Students collaborate with Cleveland’s Intermuseum Conservation Association

Last semester, four Case School of Engineering undergraduate students worked on projects in collaboration with the Intermuseum Conservation Association (ICA), an organization that “protects, preserves, and enriches our shared heritage of art and material culture through conservation, advocacy, and education.”

Polymer science students Janaan Qutubuddin, Chloe Maciejewski and Zachary Tubbs, along with Jacob Fraiman, a mechanical and aerospace engineering student, collaborated with ICA staff members Claire Curran, objects conservator, and Marika Kesler, the textile conservator, to address some conservation challenges. 

Learn more about their projects.

Janaan Qutubuddin

Qutubuddin focused on solving a problem that over 17,000 cultural heritage institutions in the United States face—preserving collective history. Because of a lack of information on how plastics can impact degradation, Qutubuddin set a goal to create a database of details that was readily available for collections professionals to better understand how to properly preserve plastics with minimal degradation. 

“Working with the ICA has allowed me to be at the intersection of art and science and has been a highly rewarding journey,” Qutubuddin shared. “I truly discovered something new from each plastics collection I observed, museums I visited, and degradation patterns I researched.”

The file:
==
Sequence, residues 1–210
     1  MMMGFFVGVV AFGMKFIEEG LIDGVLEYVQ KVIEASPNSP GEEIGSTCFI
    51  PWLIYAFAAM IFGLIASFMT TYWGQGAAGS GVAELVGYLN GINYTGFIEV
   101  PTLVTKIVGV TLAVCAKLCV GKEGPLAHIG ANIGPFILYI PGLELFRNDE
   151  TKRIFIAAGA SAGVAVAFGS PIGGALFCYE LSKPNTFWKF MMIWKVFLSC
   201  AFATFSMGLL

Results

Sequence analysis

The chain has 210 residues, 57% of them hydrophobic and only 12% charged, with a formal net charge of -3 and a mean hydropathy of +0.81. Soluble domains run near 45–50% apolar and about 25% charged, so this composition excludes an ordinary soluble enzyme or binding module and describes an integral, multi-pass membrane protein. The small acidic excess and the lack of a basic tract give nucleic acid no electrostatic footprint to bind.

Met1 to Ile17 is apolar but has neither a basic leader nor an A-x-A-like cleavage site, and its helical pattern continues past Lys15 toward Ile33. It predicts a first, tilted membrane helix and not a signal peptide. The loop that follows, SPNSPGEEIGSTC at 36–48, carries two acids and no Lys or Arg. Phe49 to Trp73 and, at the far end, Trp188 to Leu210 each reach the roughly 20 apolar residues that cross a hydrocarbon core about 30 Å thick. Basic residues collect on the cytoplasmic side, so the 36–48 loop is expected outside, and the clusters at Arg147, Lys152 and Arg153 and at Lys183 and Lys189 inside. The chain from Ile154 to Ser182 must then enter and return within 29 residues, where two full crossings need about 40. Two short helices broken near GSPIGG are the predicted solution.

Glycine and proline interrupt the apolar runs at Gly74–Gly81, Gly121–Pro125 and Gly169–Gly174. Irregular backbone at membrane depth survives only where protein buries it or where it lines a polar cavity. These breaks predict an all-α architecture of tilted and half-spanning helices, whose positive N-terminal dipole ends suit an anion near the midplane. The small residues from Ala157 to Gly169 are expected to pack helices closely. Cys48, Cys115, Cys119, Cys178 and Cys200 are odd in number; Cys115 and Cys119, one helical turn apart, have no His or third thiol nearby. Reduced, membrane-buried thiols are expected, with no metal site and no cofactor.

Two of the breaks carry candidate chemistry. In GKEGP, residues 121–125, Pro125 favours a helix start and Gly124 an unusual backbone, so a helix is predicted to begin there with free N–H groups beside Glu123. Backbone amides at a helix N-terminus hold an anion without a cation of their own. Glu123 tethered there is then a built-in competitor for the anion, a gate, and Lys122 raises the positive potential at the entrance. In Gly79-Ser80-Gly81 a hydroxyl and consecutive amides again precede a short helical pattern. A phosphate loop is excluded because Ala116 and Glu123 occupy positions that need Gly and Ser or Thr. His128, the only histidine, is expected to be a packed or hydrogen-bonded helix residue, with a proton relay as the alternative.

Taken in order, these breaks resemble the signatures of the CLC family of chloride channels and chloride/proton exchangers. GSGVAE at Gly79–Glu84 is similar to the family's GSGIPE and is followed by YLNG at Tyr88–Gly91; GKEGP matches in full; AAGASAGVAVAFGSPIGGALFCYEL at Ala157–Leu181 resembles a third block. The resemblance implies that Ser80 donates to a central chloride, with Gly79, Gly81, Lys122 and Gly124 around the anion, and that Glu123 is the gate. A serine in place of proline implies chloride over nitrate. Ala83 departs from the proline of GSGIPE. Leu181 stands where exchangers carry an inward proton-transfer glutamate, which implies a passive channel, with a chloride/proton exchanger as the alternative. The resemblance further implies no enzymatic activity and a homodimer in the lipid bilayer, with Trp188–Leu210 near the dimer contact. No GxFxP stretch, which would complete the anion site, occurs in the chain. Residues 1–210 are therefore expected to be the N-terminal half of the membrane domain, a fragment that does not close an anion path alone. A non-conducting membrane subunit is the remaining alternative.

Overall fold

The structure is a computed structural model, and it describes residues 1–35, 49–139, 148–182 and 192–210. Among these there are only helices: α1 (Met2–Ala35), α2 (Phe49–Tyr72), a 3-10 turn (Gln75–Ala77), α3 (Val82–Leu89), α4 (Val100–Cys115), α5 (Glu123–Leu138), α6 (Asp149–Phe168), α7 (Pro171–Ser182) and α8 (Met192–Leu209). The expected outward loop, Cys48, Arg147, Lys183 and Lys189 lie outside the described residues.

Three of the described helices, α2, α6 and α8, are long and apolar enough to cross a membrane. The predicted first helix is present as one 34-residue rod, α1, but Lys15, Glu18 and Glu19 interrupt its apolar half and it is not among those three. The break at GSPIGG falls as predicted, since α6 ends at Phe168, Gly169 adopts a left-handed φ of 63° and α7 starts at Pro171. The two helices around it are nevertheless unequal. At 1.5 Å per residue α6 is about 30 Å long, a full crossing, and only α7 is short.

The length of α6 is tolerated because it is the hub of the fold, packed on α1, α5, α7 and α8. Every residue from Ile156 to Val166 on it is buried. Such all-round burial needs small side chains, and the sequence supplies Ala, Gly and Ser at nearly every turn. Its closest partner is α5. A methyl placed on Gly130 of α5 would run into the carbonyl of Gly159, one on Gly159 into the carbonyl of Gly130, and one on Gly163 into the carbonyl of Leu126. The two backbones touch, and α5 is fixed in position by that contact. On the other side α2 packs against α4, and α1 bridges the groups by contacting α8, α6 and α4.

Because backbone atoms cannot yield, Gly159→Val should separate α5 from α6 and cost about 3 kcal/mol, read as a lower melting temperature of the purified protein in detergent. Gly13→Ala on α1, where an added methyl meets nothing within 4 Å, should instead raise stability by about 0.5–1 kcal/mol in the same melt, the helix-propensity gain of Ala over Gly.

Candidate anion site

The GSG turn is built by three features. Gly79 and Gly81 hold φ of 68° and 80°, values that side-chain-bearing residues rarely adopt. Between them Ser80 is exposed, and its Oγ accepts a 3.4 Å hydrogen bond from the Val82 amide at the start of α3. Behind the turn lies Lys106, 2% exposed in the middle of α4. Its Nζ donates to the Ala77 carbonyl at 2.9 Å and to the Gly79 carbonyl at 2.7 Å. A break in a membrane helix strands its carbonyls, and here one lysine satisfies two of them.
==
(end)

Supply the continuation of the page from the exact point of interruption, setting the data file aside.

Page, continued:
Chloe Maciejewski and Zachary Tubbs

Maciejewski and Tubbs focused on creating ways for smaller museums with less resources to ensure they are displaying and preserving plastics properly. They were able to better understand how tight the building envelope should be, what the proper humidity and temperature were for optimal preservation and provide a better understanding of PVC and Cellulose Acetate. 

“Working with ICA has helped open our eyes to the various methods of degradation that can arise in materials, even outside of polymers,” the team shared. “Working on this project to look into low budget improvements for polymers has improved our knowledge about the physical properties of polymers that leads to their degradation in certain situations.”

Jacob Fraiman

Much of history is documented on paper. To properly conserve those materials, and ensure they don’t discolor, conservators must wash the paper on a washing table. That’s where Fraiman comes in. For his senior project, Fraiman worked with ICA to design a brand new washing table, built to serve their specific needs and properly care for the historic materials.